"The most difficult set was that of Maria's tree. It is a very big set, difficult to tackle. It was the first set that we began to build in Thailand. When we got there we realized that the space that we had chosen had lots of access problems. The level of the water table was very high. We had to build a dike to contain the water because when there was high tide there would be a flood making it impossible for us to work there. It was technically very complicated and I understood the tree, conceptually, as the heart of the movie. I believe that in another country it would have been very complicated to make such a tree, but we took the advantage of the fact that in Thailand you can cut off a branch, and roots emerge from it, and suddenly from a branch you have a live tree. It was a very important structural job and it was also a very important sculptural job. Once we marked out the space where we were going to build the tree and its surroundings, we started first by making a concrete moat to control the water and maintain the same level, so that the water was clean and so that the actors could move. Then we realized we could not dig to make the moat. We had to make it from the floor level up, so we had to add soil and raise the surroundings a bit to create a feeling of chaotic destruction. From there we built the foundation for Maria's tree, which measured approximately seven meters. The branch where they were was tested many times to make it comfortable, so they could get up on it and we could tell the story the way we wanted," Caballero says.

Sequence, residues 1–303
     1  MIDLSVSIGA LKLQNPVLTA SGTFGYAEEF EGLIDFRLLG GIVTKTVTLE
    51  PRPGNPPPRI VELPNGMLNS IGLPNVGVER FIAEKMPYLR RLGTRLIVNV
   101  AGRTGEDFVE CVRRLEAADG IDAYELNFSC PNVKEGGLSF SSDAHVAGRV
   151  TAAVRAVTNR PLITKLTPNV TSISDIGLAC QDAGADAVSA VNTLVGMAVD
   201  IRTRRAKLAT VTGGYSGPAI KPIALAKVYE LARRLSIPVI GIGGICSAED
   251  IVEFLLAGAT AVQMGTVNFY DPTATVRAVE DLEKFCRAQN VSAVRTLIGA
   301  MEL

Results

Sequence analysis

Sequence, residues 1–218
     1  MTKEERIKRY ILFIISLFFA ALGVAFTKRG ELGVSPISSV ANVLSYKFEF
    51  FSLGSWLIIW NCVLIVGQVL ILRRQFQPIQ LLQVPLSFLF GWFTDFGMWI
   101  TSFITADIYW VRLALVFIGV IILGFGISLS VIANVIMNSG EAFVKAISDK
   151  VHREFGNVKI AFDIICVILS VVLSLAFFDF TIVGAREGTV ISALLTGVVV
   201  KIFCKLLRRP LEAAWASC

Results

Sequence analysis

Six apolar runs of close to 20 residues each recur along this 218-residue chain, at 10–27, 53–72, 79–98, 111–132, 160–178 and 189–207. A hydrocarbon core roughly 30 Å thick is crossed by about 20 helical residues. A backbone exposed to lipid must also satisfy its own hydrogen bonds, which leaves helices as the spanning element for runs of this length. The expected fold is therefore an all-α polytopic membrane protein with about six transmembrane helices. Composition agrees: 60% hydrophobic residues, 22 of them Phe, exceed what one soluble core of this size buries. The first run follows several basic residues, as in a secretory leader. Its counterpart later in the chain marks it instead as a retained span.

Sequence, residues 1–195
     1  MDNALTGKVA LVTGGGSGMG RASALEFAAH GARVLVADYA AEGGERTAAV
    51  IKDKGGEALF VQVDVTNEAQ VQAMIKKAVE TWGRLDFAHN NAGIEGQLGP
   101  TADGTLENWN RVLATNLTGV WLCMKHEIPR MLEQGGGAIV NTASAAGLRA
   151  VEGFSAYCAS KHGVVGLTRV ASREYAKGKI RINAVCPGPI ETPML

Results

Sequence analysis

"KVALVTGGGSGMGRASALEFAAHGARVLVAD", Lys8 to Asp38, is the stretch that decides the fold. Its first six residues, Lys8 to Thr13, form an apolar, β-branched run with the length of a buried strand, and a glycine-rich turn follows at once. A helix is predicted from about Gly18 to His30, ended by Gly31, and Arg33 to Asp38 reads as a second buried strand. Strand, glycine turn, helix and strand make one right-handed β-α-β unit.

Caballero adds that perhaps the most meaningful part of creating the world of THE IMPOSSIBLE was the reaction of the local people who worked on the movie or appeared as extras as they saw havoc and destruction of the tsunami reappear.

"Many of the people that worked with us were local, families that lost members in the event and there were very different reactions. I remember a taxi driver who arrived with a passenger at The Orchid when we had it all set up with the destruction. He stared at the set for two minutes, shaking his head. He had lost his wife who had worked in a hotel too, for him it was like going backwards in time. That type of reaction happened on the set and also at the hospital. Many of the nurses that were there are doctors and nurses that took care of the injured people that came in," Caballero recalls.

In fact, the production filmed at the very hospital where Maria recovered and Cabellero's crew returned it to its state of post-tsunami disarray.

"Another complicated but very important set was the hospital. We built ours at the real one where Maria was. It was difficult for people that lived through that process, seeing it repeated years later. We looked at lots of references and I hope we succeeded in producing that sense of chaos that was there in the first hours after tsunami hit," Caballero says.

Cinematographer Oscar Fauro wanted audiences to "...feel the tropical heat of Thailand, the humidity, the sweat, etc. The images turned out very rich and atmospheric." Achieving that goal turned out to be a constant technical challenge.